Rex Wallace (PhD ’84) has been selected to participate in the 2017/2018 Lecture Program of the Archaeological Institute of America as the Cinelli Lecturer. The Ferdinando and Sarah Cinelli Lecture in Etruscan and Italic Archaeology was established by the Etruscan Foundation in honor of Count Ferdinando H. Cinelli and his wife Sarah. Cinelli Lecturers are chosen by the Etruscan Foundation and the AIA’s Lecture Program Committee. The title of his lecture is “The Inscribed Etruscan Stele from Vicchio.”
Mike Cahill (PhD ’99) spent 3 weeks in Nigeria helping six Nigerian languages develop a writing system for the first time.
Helen Riha (PhD ’08) was awarded Oakland University's Excellence in Teaching Award for 2016. Only two faculty members are granted this award each year. Helen lives in Rochester, Michigan with her husband, Stephen, and 5-year-old son, Nate. Nate's friends at kindergarten created a great example of folk etymology: Kraft Lunchables are called lunch bowls.
Amanda Miller (PhD ‘01) and Andy Plummer (PhD ‘14) have been awarded a Translational Data Analytics seed grant from the Provost’s Discovery Theme Initiative for the coming year entitled, “Building articulatory models for large child-caretaker vocal interaction corpora.” along with Eric Fosler-Lussier (CSE, courtesy faculty in Linguistics) and Derek Houston and Jongmin Jung (College of Medicine)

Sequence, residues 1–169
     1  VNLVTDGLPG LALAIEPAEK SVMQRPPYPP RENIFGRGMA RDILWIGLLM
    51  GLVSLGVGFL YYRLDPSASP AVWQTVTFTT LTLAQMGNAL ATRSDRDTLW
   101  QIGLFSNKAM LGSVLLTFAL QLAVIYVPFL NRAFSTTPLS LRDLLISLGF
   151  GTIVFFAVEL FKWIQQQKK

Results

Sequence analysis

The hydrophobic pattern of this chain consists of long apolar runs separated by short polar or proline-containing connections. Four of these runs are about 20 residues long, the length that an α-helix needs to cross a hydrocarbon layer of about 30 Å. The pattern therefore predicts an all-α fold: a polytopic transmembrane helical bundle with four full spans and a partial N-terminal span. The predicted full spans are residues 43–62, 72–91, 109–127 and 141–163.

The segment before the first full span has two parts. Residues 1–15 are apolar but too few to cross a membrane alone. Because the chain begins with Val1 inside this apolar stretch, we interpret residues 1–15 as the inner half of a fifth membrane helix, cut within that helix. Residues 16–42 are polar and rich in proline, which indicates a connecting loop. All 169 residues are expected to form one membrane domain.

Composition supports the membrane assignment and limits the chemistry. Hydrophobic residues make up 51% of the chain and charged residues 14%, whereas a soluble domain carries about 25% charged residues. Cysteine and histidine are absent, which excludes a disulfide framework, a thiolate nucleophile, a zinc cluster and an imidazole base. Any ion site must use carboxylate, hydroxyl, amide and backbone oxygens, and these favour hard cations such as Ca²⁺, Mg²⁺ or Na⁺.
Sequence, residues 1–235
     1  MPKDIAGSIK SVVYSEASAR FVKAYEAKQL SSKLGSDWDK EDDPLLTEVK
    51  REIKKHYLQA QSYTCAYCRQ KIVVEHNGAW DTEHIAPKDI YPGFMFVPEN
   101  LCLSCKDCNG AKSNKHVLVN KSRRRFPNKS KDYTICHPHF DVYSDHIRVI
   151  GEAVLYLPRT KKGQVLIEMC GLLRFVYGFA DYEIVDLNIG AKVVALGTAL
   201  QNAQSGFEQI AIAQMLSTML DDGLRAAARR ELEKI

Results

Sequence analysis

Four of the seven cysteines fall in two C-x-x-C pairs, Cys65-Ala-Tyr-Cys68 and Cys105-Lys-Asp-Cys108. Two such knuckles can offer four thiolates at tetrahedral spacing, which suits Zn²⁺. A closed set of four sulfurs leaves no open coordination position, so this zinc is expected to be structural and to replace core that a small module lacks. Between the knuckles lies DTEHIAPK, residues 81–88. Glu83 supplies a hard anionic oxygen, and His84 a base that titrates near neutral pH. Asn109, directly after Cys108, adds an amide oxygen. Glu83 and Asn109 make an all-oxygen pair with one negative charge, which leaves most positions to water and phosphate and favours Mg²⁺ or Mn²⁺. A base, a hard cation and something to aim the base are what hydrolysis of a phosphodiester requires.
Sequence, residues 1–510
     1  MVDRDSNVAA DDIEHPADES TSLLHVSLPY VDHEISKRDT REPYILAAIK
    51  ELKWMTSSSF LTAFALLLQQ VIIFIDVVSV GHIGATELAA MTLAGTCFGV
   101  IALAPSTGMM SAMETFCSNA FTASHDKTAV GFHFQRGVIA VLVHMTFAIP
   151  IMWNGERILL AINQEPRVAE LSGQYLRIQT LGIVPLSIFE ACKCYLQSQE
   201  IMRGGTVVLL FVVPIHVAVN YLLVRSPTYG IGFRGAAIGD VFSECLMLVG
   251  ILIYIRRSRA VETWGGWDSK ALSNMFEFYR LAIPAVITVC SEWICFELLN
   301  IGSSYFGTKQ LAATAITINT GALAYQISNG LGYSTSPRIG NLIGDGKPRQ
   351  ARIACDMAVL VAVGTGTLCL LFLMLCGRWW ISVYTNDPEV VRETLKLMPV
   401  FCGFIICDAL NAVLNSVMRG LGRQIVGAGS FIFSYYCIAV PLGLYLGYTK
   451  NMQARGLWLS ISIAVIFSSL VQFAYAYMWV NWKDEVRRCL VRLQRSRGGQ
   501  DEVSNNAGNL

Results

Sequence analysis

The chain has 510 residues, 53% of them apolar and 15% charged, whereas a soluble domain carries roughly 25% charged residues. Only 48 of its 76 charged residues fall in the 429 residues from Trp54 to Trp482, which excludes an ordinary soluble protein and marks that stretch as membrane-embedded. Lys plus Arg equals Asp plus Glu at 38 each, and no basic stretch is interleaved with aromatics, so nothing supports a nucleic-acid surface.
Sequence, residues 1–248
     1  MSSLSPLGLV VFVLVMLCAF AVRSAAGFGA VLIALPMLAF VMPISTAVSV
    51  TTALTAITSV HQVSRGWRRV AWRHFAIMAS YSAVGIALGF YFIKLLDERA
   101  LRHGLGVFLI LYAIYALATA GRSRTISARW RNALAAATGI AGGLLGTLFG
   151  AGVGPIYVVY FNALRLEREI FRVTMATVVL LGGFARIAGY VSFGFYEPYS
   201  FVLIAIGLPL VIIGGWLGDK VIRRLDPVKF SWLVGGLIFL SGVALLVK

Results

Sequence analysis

Andrea Sims (Ph.D. ’06) had a chance to visit the Laboratorija za Eksperimentalnu Psihologiju (Laboratory for Experimental Psychology) at the University of Belgrade (Serbia). As part of her work there, she collected data for an experiment that explores the role of syncretism (inflectional homonomy) in resolving morphosyntactic case conflicts in Serbian. This project is a collaboration with Matt Goldrick (Northwestern University). She also gave a research talk, met local psycholinguistics and learned about work happening in the lab. And worked on her spoken Serbian, of course. After that, she taught a one-week intensive Ph.D. course in Inflectional Morphology at Ghent University (Belgium). It was equivalent to about half of a semester-long Ph.D. seminar -- but in only one week! The course was arranged by alumna Cynthia Johnson (Ph.D. ‘14), who is a postdoctoral researcher at Ghent University.